|Publication number||US2997803 A|
|Publication date||Aug 29, 1961|
|Filing date||Jun 19, 1959|
|Priority date||Jun 19, 1959|
|Publication number||US 2997803 A, US 2997803A, US-A-2997803, US2997803 A, US2997803A|
|Inventors||Florence Clyde M|
|Original Assignee||Florence Clyde M|
|Export Citation||BiBTeX, EndNote, RefMan|
|Patent Citations (7), Referenced by (20), Classifications (10)|
|External Links: USPTO, USPTO Assignment, Espacenet|
Aug. 29, 1961 c. M. FLORENCE REMOVABLE MAGAZINE UNIT FOR BOLT ACTION RIFLE Filed June 19, 1959 INVENTOR. 60 05 M fZaez/vaz Arraezvzy United States Patent 2,997,803 Patented Aug. 29, 1961 tice 2,997,803 REMOVABLE MAGAZINE UNIT FOR BOLT ACTION RIFLE Clyde M. Florence, 204 E. Heron St., Aberdeen, Wash. Filed June 19, 1959, Ser. No. 821,403 1 Claim. (Cl. 42-18) This invention relates to firearms, and it more particularly relates to rifles of the bolt action type not provided with removable magazines.
Bolt action rifles generally used by hunters are of the Springfield or Mauser types. In such guns, it is necessary to place each cartridge in the firing position in order to remove it from the magazine, such removal or ejection being in the same manner as a fired case. This is not only highly dangerous because of the risk of accidental firing, but tends to damage both the ejected cartridge and the rifling of the gun. This is due to the fact that when the cartridge is ejected it is very likely to be thrown upon the ground. This not only may deform the bullet but also encrusts the cartridge with dirt and grit. Unless this dirt and grit is removed by careful wiping of the cartridge, it will mar the rifling of the barrel of the gun when it is subsequently fired.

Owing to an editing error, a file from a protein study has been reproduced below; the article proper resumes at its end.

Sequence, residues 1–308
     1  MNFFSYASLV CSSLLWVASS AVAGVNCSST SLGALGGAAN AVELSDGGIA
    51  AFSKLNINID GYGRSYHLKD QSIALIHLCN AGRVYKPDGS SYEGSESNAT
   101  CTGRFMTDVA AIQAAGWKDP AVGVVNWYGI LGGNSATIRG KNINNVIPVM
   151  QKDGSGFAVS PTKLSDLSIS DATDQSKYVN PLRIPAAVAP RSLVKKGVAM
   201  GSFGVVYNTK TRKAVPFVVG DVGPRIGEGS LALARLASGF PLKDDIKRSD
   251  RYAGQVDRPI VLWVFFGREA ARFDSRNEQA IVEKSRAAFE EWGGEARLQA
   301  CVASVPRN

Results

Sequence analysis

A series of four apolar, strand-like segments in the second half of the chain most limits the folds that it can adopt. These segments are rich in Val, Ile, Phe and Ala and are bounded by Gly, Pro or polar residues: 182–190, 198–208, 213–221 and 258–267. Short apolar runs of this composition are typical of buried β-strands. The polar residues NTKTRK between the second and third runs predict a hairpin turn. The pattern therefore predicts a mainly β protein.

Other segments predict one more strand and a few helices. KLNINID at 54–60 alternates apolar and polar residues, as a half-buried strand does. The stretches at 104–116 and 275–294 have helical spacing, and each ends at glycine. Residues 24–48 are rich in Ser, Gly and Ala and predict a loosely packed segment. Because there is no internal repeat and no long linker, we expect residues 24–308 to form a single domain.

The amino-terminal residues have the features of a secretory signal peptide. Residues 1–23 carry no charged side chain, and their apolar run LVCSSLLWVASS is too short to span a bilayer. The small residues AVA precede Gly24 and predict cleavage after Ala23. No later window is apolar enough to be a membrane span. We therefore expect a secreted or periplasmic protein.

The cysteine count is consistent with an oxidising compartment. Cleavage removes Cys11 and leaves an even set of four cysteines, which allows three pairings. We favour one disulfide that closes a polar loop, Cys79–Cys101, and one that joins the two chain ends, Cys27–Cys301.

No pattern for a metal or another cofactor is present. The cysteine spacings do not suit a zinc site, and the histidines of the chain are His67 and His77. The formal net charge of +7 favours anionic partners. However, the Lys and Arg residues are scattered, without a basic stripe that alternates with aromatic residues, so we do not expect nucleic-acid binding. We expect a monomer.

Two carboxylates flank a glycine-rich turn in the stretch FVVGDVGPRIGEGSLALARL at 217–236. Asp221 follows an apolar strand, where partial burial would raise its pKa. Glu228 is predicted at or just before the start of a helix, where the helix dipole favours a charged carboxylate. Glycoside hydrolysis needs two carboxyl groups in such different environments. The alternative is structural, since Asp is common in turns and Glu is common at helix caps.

In addition, the hunting laws of many states prohibit the carrying of loaded guns in automobiles or other vehicles, This means that often the same cartridges must be loaded and unloaded without firing. As a result, their bullet noses become so burred and deformed that their accuracy is seriously affected.
It is one object of the present invention to overcome the above difliculties by providing a bolt action rifle assembly where it is not necessary to pass the unfired cartridges into the firing chamber in order to eject them.
This invention is particularly intended for high power big game cartridge types of rifles, and particularly the following types of rifles: Mauser, Springfield, Winchester Mod. 70, Remington Mod. 721, Remington Mod. 722, and Enfield, Mod. 1917, and of course also for any other rifles utilizing the same principles.
Another object of the present invention is to provide a bolt action rifle assembly wherein unfired cartridges can be inserted and removed without any damage to the cartridges or any portion thereof.
Another object of the present invention is to provide a bolt action rifle assembly wherein a removable magazine unit is provided; such magazine unit being easily attached to the standard type bolt action rifles without the necessity for any further modification of the rifles.